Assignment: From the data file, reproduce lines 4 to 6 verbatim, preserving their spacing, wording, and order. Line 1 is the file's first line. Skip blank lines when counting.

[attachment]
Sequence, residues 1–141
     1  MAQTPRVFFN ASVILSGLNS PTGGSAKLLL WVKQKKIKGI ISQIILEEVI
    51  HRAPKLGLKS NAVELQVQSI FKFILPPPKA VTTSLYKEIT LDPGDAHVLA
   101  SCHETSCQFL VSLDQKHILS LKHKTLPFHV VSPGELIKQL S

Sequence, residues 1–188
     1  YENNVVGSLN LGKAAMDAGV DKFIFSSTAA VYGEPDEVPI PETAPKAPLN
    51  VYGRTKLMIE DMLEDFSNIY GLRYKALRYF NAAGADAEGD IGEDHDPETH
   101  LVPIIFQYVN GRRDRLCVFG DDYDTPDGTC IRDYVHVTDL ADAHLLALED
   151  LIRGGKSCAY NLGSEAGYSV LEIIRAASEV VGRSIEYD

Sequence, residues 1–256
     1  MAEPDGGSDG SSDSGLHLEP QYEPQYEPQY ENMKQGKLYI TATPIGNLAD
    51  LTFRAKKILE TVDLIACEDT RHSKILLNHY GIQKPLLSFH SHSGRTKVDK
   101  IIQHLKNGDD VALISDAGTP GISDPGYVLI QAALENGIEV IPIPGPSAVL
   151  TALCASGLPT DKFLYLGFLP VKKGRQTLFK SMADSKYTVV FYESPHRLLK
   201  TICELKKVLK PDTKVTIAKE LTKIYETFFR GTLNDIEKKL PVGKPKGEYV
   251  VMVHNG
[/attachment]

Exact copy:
   101  SCHETSCQFL VSLDQKHILS LKHKTLPFHV VSPGELIKQL S

Sequence, residues 1–188
     1  YENNVVGSLN LGKAAMDAGV DKFIFSSTAA VYGEPDEVPI PETAPKAPLN